In 2006, one of the craziest couple of weeks in my life began with a blunt request: My wife and daughter insisted we go to Japan. I’d quit the music business in the mid-’90s, but every so often someone would call with an offer to fly me somewhere to sing my old songs, like “Never Gonna Give You Up” or “Together Forever.” I’d always said no; I’d gone from being sort of famous for four or five years, jumping on a plane almost every day, to being a suburban dad, taking the kid to school, not having any public life at all. When an offer to go to Japan came through, though, my wife and my then-14-year-old daughter, Emilie, cornered me in the kitchen. “We’re going to Japan,” they told me. So I said yes.
Part two of this equation is that my wife, Lene, who works in film and TV production, had produced a short movie, which, after our trip was planned, was nominated for an Oscar. So, suddenly, we were all going to the Oscars, three days before the first concert in Japan. Lene and Emilie flew out to LA, while I stayed behind to rehearse with the band in London, and when the band flew to Tokyo, I went to LA. I met Lene and Emilie at the Sunset Marquis, had a few drinks to mix with the jet lag, and the next thing I knew I was in a brand-new tux at the Oscars, then at the grand ball afterward, then at all these after-parties until 5 a.m., then on a flight to Japan, then on a bullet train to Osaka for my first gig—at which point, I was like, “What the hell is going on?”
I hadn’t sung these songs for anyone—other than guests at my brother-in-law’s wedding—in over a decade, and now I was in Japan, which is otherworldly on its own. When I first performed there, in 1989, the crowds were extremely polite, to the point that I was almost concerned, and afterward they left the hall row by row, almost one by one. So I was prepared for some culture shock—just not the kind that I got.
It’s hard to convey to people what a zero-to-100 feeling it is to go from not having been on a proper stage in over a decade to then singing in front of thousands of people. I was both deeply jet-lagged and fresh off the surreal experience of the Oscars, so the whole thing was utterly dreamlike and bizarre. For the first song or two I was like a deer in the headlights, and by the third or fourth song, I had time to think, Where are we? What are we doing? This is not my beautiful house.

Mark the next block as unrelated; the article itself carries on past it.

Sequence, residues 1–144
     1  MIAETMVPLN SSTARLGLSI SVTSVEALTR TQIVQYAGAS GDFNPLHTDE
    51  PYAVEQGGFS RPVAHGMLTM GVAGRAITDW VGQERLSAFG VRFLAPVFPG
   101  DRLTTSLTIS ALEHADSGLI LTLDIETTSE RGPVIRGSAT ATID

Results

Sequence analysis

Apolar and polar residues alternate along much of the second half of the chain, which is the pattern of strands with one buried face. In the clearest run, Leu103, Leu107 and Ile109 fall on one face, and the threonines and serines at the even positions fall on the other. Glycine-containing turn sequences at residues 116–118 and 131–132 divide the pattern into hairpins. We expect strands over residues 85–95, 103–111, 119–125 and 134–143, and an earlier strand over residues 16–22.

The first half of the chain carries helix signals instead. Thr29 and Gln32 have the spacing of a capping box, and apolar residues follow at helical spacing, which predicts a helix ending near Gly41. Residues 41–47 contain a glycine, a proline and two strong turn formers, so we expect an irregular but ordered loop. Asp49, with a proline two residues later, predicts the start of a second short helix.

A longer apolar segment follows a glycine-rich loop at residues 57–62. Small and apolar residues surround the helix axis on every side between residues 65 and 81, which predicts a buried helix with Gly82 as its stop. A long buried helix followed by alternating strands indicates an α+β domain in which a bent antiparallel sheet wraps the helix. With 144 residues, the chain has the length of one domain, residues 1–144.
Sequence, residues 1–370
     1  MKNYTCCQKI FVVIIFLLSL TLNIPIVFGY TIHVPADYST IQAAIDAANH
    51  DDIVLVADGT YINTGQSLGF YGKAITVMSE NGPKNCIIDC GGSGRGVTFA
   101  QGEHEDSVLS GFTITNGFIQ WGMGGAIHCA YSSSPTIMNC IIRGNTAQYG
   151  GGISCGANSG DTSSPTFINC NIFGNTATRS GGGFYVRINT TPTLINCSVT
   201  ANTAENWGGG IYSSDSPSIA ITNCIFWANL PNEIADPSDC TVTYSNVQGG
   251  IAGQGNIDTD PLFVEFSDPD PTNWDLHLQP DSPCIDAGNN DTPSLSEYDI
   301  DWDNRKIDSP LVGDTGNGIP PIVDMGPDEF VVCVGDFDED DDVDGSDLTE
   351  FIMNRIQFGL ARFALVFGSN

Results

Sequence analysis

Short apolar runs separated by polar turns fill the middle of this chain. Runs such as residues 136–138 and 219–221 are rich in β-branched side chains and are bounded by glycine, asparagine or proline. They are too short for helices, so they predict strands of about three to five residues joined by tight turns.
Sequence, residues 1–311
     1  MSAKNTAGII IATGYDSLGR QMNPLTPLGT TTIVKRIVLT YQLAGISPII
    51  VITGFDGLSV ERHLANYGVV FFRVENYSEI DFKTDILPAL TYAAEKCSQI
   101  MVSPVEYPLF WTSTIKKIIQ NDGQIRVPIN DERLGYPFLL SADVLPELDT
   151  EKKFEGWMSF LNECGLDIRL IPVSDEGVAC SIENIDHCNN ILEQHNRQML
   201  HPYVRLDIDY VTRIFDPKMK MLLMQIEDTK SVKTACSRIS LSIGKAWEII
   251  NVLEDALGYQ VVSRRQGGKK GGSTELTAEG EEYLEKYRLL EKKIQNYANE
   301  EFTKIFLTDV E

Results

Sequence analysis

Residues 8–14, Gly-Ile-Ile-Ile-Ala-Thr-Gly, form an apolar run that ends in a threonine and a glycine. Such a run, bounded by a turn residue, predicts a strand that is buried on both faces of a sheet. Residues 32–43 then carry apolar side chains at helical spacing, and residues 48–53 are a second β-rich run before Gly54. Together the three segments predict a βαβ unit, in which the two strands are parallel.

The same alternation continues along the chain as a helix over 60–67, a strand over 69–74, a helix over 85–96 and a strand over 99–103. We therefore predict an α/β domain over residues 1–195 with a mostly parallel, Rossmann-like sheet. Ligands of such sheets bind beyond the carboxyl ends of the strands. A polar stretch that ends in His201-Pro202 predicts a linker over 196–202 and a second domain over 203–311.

After that, though, it became amazing. I realized the country had changed. People were freer, but I was freer too. I told the crowd, “Look, you’re at the biggest karaoke night in Japan—let’s get involved, have fun with it.” It made me realize that there’s a real beauty to just turning up and singing some songs.
Afterward, my family and I took a week’s holiday. We stayed at the Park Hyatt in Tokyo and this gorgeous ancient hotel in Kyoto. At some point, a little light bulb went off in my head that said, “You’re just along for the ride.” When you first make a record and it does well, you think you’re in the driver’s seat, when the truth is everything is totally out of your control. It’s not about you—it’s about just showing up and doing it. So I started doing more trips: South America, where I’d never played, and all over Asia, playing live much more than I ever did.
In 2016, I made an album in my garage, and it was a number-one hit in the U.K. Now, I get to play concerts and festivals with artists as diverse as Foo Fighters and Justin Bieber. This June, we played Glastonbury. At 11:30 a.m., there were maybe 400 people there, but by five to 12, right before we went on, there were 80,000 people. I still count myself as a retro artist, because I had a hit in 1987, but now I’m doing it because I want to do it. I realized this isn’t a job anymore—it’s more like having fun. And none of this would have happened if, back in 2006, my wife and daughter hadn’t pushed me up against the kitchen cabinets and said, “We’re going to Japan.”
Rick Astley’s ninth studio album, Are We There Yet?, is out October 6. He’ll take the stage at London’s Royal Albert Hall November 1–2.